The management of pediatric cataracts is quite different and more complicated than the management of cataracts in older adults.  Our center has extensive experience and specializes in the treatment of pediatric and infantile cataracts.  Infant eyes are small and extremely soft which makes the cataract surgery much more difficult. Special techniques are required for pediatric cataract surgery. The Wright irrigation cannula developed by Dr. Wright for pediatric cataract surgery is used in many centers around the world and facilitates safe surgery.

Virtually all adult patients who undergo cataract surgery will have an intraocular lens (IOL) placed in the eye at the time of surgery to replace the natural lens that was removed.  Infants are different.  Because the infant eye will grow significantly and is prone to extreme inflammation, an IOL is usually not placed in infants under 1 year of age.  Instead, young infants will require a contact lens after surgery. Our center has years of experience with fitting infants with contact lenses.  We use extended wear silicone contact lenses that can stay in place for up to 3 to 4 weeks before removing and cleaning.

Another important aspect of pediatric cataracts is amblyopia.  This is abnormal brain visual development because the image from the eye with the cataract is blurred.  Treatment of amblyopia associated with cataracts requires patching of the good eye after surgery to stimulate use of the cataracted.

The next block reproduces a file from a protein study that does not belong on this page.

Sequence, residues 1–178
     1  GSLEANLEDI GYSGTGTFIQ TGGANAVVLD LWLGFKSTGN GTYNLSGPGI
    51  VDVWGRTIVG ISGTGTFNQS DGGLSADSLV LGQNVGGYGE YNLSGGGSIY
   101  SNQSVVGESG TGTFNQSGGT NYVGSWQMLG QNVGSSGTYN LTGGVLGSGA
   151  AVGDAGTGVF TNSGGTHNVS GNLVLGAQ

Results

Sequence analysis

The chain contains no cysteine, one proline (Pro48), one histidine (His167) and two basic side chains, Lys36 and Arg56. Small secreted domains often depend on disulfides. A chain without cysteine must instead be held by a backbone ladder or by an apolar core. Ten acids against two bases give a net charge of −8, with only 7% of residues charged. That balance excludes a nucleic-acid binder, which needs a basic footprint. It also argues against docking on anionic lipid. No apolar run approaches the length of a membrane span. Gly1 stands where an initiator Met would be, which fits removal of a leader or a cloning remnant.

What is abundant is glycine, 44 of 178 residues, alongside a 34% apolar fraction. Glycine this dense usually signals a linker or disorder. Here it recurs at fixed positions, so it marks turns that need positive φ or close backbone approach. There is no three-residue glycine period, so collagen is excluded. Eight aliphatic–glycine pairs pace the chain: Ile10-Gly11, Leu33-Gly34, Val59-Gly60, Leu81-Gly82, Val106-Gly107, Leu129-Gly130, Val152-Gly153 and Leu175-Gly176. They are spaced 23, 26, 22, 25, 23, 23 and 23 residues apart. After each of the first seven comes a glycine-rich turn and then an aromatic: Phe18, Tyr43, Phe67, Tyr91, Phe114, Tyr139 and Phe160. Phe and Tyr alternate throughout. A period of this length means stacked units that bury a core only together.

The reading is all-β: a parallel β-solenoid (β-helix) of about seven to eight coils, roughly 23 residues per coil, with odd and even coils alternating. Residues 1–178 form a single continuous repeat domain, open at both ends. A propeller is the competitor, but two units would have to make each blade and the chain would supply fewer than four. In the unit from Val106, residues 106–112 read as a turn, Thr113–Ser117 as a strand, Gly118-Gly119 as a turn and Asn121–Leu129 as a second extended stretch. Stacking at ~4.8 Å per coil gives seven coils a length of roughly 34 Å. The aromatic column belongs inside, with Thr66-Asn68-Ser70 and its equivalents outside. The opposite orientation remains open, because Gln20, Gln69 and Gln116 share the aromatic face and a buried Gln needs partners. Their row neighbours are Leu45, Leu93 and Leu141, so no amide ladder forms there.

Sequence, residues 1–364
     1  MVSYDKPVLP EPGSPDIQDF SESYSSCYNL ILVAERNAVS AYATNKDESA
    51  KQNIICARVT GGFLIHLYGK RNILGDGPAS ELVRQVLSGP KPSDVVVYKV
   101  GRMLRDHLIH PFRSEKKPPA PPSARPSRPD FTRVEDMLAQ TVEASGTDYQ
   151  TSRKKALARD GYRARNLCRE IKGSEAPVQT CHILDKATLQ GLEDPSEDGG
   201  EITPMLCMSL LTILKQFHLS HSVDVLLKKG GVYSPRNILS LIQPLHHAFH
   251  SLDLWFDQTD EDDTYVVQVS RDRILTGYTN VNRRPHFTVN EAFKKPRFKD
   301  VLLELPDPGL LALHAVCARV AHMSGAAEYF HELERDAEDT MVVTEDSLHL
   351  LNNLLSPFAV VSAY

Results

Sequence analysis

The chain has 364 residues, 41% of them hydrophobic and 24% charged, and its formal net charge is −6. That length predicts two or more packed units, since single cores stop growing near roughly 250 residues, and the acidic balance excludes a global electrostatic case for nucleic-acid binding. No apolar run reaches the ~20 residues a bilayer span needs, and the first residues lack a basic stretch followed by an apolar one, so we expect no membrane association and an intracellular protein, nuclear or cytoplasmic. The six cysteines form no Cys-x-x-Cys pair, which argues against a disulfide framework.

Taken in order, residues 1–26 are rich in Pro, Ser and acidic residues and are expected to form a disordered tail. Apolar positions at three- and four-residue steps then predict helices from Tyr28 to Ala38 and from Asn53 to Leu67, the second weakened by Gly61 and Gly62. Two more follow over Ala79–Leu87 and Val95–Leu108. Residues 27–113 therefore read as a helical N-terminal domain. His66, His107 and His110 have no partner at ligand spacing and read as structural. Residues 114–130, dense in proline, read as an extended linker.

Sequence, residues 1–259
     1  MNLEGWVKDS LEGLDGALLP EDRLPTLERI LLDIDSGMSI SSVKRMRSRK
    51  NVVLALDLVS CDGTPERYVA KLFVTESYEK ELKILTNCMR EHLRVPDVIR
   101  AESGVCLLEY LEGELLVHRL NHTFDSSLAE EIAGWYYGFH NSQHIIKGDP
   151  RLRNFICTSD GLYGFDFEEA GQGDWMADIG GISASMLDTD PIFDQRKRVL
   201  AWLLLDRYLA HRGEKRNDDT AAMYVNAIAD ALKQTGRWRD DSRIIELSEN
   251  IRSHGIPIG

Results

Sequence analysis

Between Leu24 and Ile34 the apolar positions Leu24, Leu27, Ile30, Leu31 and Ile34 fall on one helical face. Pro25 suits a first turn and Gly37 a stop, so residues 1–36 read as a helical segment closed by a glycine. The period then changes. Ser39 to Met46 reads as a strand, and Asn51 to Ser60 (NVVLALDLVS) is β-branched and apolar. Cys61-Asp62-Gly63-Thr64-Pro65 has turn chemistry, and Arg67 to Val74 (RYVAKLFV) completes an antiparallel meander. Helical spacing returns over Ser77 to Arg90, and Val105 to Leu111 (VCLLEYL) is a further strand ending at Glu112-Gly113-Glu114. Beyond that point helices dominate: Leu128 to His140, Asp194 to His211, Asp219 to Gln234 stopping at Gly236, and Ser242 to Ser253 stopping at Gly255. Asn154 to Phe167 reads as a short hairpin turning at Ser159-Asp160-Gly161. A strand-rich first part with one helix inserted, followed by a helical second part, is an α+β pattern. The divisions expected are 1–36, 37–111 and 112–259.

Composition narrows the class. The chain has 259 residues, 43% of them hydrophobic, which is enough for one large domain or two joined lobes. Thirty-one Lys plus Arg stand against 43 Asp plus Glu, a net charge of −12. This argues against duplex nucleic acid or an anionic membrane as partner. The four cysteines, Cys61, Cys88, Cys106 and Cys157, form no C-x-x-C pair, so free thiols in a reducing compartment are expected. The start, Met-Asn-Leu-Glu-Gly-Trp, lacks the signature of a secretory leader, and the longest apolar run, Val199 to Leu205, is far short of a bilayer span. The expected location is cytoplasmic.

Not all children with cataracts require surgery as partial cataracts can be managed medically and with optical correction.

In general, visual prognosis is guarded; however, we have had excellent results with pediatric cataracts which have been published.  For more information on pediatric cataracts go to “Patient Education, Read about Eye Problems”.

Below are edited videos of pediatric cataract surgeries performed by Dr. Wright.

Cataract surgery with IOL lens scar Iritis video-icon

Cataract surgery PHPV with IOL video-icon

Cataract is a white opacity of the normally clear lens. Note photograph shows a cloudiness within the black pupil – that cloudiness is the cataract.

Cataract is a white opacity of the normally clear lens. Note photograph shows a cloudiness within the black pupil – that cloudiness is the cataract.

Articles From Wright Center on  Pediatric Cataracts

Wright KW, Christensen LE, Noguchi BA.  Results of late surgery for presumed congenital cataracts.  Am J of Ophthalm 1992;114(4):409-415.

Wright KW, Matsumoto E, Edelman PM.  Binocular fusion and stereopsis associated with early surgery for monocular congenital cataracts.  Arch Ophthalmol 1992:110(11);1607- 1609.

Wright KW.  Should we aggressively treat unilateral congenital cataracts?   Brit J Ophthalmol, September 2001;85(9):1120-26.

Mocan MC, Wright KW. Monocular congenital cataracts.  Is binocular vision too much to ask? At the Crossings: Pediatric Ophthalmology and Strabismus, pp.45-53. Proceedings of the 52nd Annual Symposium of the New Orleans Academy of Ophthalmology, New Orleans, LA, USA, February 14-16, 2003. Edited by Robert J. Balkan, George S. Ellis Jr. and H. Sprague Eustis. © 2004 Kugler Publications, The Hague, The Netherlands.